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jordym84's avatar

Should I put this on my resume?

Asked by jordym84 (4742points) September 16th, 2012

I moved to NYC back in June to look for a job and start a career. Being that NYC is a tough and very competitive place, I didn’t manage to land one until August despite having a strong resume. At first I wasn’t so sure about the job because it wasn’t directly in my field of study, but I decided to take it because the pay was decent and I was tired of being stagnant, so I thought I’d stay there until I could find something that interested me more. Fortunately, the job started to grow on me and I began to genuinely enjoy being there – I loved the company, the people I worked with, the atmosphere, and even the job itself (so much so that I would volunteer to stay past my regular working hours and, even though it was a Monday to Friday job, I would also volunteer to go in on weekends to help get the left-over work done).

That whole time I was staying with my best friend from college, who was the one who begged and convinced me to move to the city and stay with her until I could manage to get out on my own. Unfortunately things ended up not working out between us and I was having trouble securing a place of my own (everything was either too expensive, too far from work I already had a 1.5 hours subway commute from my friend’s house, and everything else that was within my budget was even further away, or not ready for me to move into until October/November).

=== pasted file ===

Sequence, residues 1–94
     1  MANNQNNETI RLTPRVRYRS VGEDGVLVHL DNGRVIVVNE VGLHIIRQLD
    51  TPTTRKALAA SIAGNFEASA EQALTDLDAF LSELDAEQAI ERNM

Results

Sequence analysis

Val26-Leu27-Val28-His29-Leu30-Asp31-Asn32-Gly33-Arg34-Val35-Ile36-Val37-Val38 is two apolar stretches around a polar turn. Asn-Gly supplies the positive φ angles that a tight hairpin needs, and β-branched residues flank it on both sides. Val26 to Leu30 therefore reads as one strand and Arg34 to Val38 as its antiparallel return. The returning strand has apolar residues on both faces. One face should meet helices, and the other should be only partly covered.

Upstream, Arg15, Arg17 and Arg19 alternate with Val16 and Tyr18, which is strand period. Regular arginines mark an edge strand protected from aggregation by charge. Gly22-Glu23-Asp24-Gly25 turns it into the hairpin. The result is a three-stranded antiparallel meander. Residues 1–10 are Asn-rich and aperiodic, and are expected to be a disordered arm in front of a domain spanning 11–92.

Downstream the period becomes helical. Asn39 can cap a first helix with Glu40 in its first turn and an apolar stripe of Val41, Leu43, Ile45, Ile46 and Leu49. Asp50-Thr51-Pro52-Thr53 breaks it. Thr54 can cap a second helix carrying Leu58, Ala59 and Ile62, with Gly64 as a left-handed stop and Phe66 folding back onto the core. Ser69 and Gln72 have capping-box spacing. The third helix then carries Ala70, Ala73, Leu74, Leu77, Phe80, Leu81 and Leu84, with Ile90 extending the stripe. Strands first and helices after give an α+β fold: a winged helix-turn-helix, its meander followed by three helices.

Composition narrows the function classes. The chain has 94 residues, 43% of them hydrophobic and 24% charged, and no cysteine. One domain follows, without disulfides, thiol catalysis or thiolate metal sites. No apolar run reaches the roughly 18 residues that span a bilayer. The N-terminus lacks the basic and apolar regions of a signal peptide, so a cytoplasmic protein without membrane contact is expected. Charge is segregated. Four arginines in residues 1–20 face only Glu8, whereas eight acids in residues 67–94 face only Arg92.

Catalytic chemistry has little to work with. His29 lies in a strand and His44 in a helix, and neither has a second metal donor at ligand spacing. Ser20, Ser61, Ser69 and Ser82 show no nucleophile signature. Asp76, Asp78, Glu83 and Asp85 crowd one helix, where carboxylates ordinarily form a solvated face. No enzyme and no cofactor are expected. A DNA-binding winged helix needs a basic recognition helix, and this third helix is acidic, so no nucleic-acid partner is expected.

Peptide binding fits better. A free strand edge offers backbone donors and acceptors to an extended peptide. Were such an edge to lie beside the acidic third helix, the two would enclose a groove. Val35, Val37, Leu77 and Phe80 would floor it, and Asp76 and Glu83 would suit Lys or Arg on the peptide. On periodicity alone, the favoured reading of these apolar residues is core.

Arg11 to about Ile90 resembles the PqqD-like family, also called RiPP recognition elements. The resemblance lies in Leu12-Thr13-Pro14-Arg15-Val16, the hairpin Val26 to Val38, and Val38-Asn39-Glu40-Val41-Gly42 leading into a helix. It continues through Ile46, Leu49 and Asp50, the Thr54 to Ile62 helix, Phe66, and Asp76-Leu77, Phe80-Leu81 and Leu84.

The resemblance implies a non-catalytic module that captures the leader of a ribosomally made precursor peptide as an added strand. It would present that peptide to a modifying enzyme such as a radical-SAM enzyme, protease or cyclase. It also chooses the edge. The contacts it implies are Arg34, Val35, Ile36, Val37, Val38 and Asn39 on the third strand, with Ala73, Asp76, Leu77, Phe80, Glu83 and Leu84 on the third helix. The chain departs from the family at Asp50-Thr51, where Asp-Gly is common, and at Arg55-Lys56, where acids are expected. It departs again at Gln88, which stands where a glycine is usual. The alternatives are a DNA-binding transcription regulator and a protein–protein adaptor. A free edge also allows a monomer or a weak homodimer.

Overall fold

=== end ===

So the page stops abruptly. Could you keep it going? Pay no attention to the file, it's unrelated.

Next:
Long story short, I had to resign from the job and return home last week, and now I have to start the job-searching process all over again. My question is, even though I loved the job and I’m positive that my managers would give me great reviews, should I still put it on my resume? I was only there for 1 month and I fear that it might look bad on my resume and work against me. I would have no problem explaining what happened to a hiring manager without going into personal details, of course but my fear is that I might not even be able to get an interview because of it. But then again, wouldn’t the gap in employment look just as bad? My last job was an internship which ended in January and I was out of the country from February to April, hence the gap.

What’s your take on this: leave it out or include it and hope for the best?

Thanks in advance!!

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15 Answers

Kayak8's avatar

Was the 1 month job relevant to the type of work you are looking for now?

jordym84's avatar

They’re not exactly in the same industry, but have some similarities to them (my degree is in hospitality/travel and tourism management and the job was customer service in the medical field).

Hawaii_Jake's avatar

Yes, I would put it on my resume for now. It’s experience, and it shows your willingness to work in this difficult economic time.

wundayatta's avatar

How are you going to explain why you resigned? Are you going to say you couldn’t find an affordable place to live? Or what?

On the one hand, I think you should put it on because you loved the job and were growing in it. On the other hand, I worry about how you can answer the question of why you left. It sounds pretty flaky to me, and I’d be leery of hiring someone who couldn’t manage to find a place to live in NYC. It would indicate to me a potential for acting like nothing is good enough for you.

I don’t know how many people think like me, so maybe you needn’t worry about it. And if you aren’t worried about it showing you to be a primadonna, then definitely put it on.